4. Dress it up

Imagine going out to a restaurant and ordering a fancy mocktail – most likely you’ll finish that drink, because it tastes good, and you’ve invested money in it. You can treat your regular water the same way (with a lot less fuss, though). Just muddle a slice of lemon or a few berries, and/or some fresh herbs, at the bottom of your water cup and you’re good to go, says Amanda Sauceda, RD. (Bonus: This is a great way to use up fresh herbs that are about to go bad, reducing food waste.) Or add some frozen fruit to your water, which can double as ice cubes. You can also add a splash of juice, like cranberry, to your water to give it more flavor.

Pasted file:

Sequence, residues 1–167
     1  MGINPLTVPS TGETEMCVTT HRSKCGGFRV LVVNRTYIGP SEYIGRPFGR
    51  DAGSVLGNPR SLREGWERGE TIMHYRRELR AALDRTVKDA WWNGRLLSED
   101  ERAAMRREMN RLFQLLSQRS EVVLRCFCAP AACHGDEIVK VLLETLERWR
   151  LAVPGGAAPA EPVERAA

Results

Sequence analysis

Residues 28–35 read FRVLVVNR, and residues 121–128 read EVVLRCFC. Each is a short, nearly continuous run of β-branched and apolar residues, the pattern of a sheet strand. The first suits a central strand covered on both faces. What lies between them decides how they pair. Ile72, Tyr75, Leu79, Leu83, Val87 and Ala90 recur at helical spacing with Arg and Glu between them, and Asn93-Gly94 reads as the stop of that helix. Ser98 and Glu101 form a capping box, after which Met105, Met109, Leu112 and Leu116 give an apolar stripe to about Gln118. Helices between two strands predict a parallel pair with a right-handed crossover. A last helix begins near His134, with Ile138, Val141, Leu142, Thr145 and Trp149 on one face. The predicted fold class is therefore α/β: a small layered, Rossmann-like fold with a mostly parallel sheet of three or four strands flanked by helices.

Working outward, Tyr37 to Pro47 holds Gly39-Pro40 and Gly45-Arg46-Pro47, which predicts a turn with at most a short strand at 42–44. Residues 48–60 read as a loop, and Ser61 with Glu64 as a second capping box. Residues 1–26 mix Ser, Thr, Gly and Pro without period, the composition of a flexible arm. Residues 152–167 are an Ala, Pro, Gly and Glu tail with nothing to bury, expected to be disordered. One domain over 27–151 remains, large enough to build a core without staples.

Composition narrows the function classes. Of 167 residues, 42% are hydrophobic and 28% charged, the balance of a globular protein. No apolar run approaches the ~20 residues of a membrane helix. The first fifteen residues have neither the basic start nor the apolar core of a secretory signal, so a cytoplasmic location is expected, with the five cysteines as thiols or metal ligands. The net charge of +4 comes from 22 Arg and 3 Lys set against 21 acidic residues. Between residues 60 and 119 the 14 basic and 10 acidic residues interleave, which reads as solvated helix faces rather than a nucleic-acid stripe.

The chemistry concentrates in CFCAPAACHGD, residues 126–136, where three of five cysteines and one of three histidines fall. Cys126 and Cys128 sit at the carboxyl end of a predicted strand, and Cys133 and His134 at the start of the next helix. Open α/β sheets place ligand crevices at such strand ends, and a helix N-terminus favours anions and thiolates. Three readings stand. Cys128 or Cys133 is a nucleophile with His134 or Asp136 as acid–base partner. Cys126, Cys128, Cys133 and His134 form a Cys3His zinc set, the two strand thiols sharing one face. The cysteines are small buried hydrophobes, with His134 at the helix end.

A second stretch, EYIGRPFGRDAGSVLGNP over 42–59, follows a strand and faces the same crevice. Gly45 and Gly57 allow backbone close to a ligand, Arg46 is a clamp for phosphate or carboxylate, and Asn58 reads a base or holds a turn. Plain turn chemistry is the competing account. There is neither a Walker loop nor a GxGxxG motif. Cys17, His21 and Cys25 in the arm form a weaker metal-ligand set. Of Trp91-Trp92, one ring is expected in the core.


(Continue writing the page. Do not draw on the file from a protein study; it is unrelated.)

Another benefit to dressing up your water: It can help you to think of hydration less as a chore and more like self care, says Dani Lebovitz, MS, RDN. She recommends freezing chunks of fruit, herbs, or edible flowers in water in ice cube molds to add a burst of color and flavor to your water. You can even kick it up a notch with fun ice cube molds, she notes. It’s a simple yet effective way to make drinking water more enticing. 

5. Eat hydrating foods

Another way to hydrate: Eat water-rich foods, says dietitian and diabetes educator Sheri Berger. “Along with drinking water, don’t forget about the benefit of eating hydrating foods, too,” she says. “Be sure to include lots of lettuce and other leafy greens, celery, tomatoes, berries, peaches, melons, and cucumbers for foods that supply water, fiber, vitamins, and minerals.”

6. Carry a reusable water bottle